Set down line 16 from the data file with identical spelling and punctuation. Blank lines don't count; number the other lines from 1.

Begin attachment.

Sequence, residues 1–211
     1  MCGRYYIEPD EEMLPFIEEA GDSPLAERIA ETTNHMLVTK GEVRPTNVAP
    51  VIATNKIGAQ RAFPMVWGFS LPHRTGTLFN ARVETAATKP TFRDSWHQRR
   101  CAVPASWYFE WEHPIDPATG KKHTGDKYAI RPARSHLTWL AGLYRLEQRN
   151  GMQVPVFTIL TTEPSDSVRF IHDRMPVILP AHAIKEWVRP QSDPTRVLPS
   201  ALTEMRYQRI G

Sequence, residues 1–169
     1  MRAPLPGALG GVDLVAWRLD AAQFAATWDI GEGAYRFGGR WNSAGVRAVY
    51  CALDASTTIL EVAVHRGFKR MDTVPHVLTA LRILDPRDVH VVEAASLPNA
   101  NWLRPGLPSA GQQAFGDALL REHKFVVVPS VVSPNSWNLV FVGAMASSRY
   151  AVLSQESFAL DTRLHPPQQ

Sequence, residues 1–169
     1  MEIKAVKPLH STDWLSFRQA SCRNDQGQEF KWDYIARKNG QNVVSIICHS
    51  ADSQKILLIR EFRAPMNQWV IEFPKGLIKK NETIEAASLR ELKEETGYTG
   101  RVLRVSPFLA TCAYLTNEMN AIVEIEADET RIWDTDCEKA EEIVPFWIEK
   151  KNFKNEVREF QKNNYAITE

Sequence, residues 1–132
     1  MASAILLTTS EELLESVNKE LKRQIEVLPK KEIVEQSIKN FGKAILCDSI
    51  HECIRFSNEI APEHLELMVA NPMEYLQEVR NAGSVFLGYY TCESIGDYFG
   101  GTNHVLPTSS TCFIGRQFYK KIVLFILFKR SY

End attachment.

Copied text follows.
   151  KNFKNEVREF QKNNYAITE